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# How do I make a plot with all three states [x1 x2 x3]' in SImulink?

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I have made a model on people [x1 x2 x3]' influencing each other by influence matrix A.

How can I plot the changes in the states over k (discrete) and time (continuous)?

The initial value is x0 which has values for

x = [x1 x2 x3]'

with

x0 = [12 7.57 5]'

And matrix A is a 3x3 matrix with unstable eigenvalues.

My discrete model looks like this:

And my continuous model ike this:

##### 17 Comments

Ameer Hamza
on 26 Nov 2020

DB
on 26 Nov 2020

Thank you for the answer!

The scope reads the same as the dashboard scope with just one output plot, even when zoomed in.

It is also strange that the output is zero until the instability kicks in. This should not be the outcome.

Ameer Hamza
on 27 Nov 2020

DB
on 27 Nov 2020

Paul
on 27 Nov 2020

Do the simulink models represent the actual equations you’re trying to solve? Making the initial state a constant input looks peculiar.

It sounds like the equations should be:

Xdot = Ac*X , X(0) = X0

or

X(k+1) = Ad*X(k), X(0) = X0

If so, you will need to modify your block diagrams.

DB
on 27 Nov 2020

Paul
on 28 Nov 2020

So your continuous time equation is

Xdot = Ac*X + Bc*U, X(0) = 0, U = constant ?

Whatever your equation is, you can easiily represent it in Simuink with either a state space block with U as an input and X0 as the initial condition block parameter, or cobining an integrator and gains with X0 as the initial condition block parameter for the integrator.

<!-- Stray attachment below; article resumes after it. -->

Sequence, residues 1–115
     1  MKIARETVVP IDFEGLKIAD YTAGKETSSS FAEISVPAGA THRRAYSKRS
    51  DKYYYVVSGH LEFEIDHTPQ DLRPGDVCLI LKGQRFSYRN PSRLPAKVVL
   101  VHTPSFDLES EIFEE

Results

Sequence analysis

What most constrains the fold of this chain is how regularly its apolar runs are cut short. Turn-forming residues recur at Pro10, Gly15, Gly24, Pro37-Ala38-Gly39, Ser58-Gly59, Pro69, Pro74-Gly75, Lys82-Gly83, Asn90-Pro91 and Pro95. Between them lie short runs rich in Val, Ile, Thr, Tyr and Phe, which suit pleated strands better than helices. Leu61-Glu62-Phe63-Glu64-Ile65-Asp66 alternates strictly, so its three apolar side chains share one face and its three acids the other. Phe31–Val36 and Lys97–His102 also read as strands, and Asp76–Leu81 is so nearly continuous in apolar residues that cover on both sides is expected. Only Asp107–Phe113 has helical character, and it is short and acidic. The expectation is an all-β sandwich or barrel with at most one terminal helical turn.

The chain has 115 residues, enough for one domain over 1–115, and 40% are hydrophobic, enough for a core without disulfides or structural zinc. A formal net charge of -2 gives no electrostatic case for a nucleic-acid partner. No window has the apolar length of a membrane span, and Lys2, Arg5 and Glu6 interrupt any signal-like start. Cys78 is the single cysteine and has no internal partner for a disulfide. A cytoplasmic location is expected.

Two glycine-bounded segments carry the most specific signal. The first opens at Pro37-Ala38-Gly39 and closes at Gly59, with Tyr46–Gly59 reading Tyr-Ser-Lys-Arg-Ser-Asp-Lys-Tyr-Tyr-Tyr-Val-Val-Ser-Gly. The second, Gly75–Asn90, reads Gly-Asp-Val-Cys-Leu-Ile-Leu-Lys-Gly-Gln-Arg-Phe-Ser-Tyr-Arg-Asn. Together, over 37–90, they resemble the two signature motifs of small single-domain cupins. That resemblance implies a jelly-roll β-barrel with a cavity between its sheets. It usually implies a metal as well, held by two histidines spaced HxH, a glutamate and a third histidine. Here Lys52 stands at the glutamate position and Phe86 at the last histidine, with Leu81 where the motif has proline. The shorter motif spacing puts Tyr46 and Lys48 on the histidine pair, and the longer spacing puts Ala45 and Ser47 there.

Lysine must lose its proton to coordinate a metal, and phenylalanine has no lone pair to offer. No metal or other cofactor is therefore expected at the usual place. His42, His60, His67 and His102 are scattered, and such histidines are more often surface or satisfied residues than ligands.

Also, if the discrete time model is supposed to be an approximation to the continuous time model, then it's highly unliekly that Ac = Ad is correct.

DB
on 1 Dec 2020

@Paul Thank you for your help.

The different thing of this model is that is has no control input, so I solely have an intitial state vector x0 and constant influence matrix A as inital point. I see now that B should be zeros(3) because of this. My discrete model now shows the desired behaviour, but it does not show the three states seperately but as the sum in one plot. How can I see them seperately?

The ultimate goal is to have a graph like the one shown below. The A should be constant as it applies to both continuous as discrete.

I have the continuous one corrected as seen below. But this does not show as promising results as the discrete one.

Paul
on 2 Dec 2020

Edited: Paul
on 2 Dec 2020

I still don't think the simulations are set up correctly based on the description of the problem. The initial state should not be modeled as a constant input. Note that in the continuous case, the initial states are all zero on the plot. The feedback loop around around the discrete time state space model is suspect as well, and I don't understand why a state space model is used for the discrete time case when only a delay is needed (analgous to the integrator in the continuous case).